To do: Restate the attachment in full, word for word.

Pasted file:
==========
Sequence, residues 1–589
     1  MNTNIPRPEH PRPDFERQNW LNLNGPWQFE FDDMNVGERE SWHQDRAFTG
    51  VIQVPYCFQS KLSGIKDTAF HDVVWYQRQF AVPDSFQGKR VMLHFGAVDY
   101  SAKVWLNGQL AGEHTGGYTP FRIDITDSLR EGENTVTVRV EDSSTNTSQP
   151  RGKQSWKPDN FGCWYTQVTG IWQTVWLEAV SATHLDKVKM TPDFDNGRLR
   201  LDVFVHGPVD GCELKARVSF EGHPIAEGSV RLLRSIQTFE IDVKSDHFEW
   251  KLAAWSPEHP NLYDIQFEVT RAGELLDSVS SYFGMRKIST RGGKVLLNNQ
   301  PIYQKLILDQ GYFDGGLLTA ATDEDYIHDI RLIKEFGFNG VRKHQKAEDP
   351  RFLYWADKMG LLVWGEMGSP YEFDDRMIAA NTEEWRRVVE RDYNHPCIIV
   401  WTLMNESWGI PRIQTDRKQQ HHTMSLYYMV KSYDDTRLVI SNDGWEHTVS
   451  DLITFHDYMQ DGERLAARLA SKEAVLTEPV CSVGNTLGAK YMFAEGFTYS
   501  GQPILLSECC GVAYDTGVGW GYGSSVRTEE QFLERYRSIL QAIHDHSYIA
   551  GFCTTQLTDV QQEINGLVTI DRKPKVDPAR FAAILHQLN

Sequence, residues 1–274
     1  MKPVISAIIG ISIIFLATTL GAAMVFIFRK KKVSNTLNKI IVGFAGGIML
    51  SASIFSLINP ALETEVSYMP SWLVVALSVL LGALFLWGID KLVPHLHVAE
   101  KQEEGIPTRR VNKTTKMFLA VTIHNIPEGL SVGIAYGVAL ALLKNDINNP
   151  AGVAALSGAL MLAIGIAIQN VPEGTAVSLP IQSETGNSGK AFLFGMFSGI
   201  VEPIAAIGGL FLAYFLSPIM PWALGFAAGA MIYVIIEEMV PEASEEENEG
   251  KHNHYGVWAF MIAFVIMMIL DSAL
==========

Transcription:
Sequence, residues 1–589
     1  MNTNIPRPEH PRPDFERQNW LNLNGPWQFE FDDMNVGERE SWHQDRAFTG
    51  VIQVPYCFQS KLSGIKDTAF HDVVWYQRQF AVPDSFQGKR VMLHFGAVDY
   101  SAKVWLNGQL AGEHTGGYTP FRIDITDSLR EGENTVTVRV EDSSTNTSQP
   151  RGKQSWKPDN FGCWYTQVTG IWQTVWLEAV SATHLDKVKM TPDFDNGRLR
   201  LDVFVHGPVD GCELKARVSF EGHPIAEGSV RLLRSIQTFE IDVKSDHFEW
   251  KLAAWSPEHP NLYDIQFEVT RAGELLDSVS SYFGMRKIST RGGKVLLNNQ
   301  PIYQKLILDQ GYFDGGLLTA ATDEDYIHDI RLIKEFGFNG VRKHQKAEDP
   351  RFLYWADKMG LLVWGEMGSP YEFDDRMIAA NTEEWRRVVE RDYNHPCIIV
   401  WTLMNESWGI PRIQTDRKQQ HHTMSLYYMV KSYDDTRLVI SNDGWEHTVS
   451  DLITFHDYMQ DGERLAARLA SKEAVLTEPV CSVGNTLGAK YMFAEGFTYS
   501  GQPILLSECC GVAYDTGVGW GYGSSVRTEE QFLERYRSIL QAIHDHSYIA
   551  GFCTTQLTDV QQEINGLVTI DRKPKVDPAR FAAILHQLN

Sequence, residues 1–274
     1  MKPVISAIIG ISIIFLATTL GAAMVFIFRK KKVSNTLNKI IVGFAGGIML
    51  SASIFSLINP ALETEVSYMP SWLVVALSVL LGALFLWGID KLVPHLHVAE
   101  KQEEGIPTRR VNKTTKMFLA VTIHNIPEGL SVGIAYGVAL ALLKNDINNP
   151  AGVAALSGAL MLAIGIAIQN VPEGTAVSLP IQSETGNSGK AFLFGMFSGI
   201  VEPIAAIGGL FLAYFLSPIM PWALGFAAGA MIYVIIEEMV PEASEEENEG
   251  KHNHYGVWAF MIAFVIMMIL DSAL